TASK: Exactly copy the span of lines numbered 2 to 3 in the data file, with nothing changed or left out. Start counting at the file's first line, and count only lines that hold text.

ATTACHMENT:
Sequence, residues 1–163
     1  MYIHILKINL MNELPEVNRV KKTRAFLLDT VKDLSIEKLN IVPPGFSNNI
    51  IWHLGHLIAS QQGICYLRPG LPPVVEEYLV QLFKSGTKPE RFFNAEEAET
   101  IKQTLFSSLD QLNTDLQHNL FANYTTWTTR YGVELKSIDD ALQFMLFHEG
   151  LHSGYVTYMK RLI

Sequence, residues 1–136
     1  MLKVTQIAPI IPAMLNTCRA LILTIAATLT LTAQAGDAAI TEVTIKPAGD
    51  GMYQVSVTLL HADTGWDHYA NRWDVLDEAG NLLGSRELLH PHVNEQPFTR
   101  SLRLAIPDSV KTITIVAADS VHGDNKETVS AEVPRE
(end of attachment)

     1  MYIHILKINL MNELPEVNRV KKTRAFLLDT VKDLSIEKLN IVPPGFSNNI
    51  IWHLGHLIAS QQGICYLRPG LPPVVEEYLV QLFKSGTKPE RFFNAEEAET